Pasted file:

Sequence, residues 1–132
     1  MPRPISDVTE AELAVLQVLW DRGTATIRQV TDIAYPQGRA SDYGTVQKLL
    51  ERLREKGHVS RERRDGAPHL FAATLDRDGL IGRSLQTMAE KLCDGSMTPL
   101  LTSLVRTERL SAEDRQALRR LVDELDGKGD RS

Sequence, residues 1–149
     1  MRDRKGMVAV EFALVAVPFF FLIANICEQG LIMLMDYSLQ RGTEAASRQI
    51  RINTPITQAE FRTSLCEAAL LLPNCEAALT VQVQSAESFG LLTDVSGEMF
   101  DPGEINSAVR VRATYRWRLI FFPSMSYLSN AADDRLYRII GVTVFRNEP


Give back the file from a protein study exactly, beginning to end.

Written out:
Sequence, residues 1–132
     1  MPRPISDVTE AELAVLQVLW DRGTATIRQV TDIAYPQGRA SDYGTVQKLL
    51  ERLREKGHVS RERRDGAPHL FAATLDRDGL IGRSLQTMAE KLCDGSMTPL
   101  LTSLVRTERL SAEDRQALRR LVDELDGKGD RS

Sequence, residues 1–149
     1  MRDRKGMVAV EFALVAVPFF FLIANICEQG LIMLMDYSLQ RGTEAASRQI
    51  RINTPITQAE FRTSLCEAAL LLPNCEAALT VQVQSAESFG LLTDVSGEMF
   101  DPGEINSAVR VRATYRWRLI FFPSMSYLSN AADDRLYRII GVTVFRNEP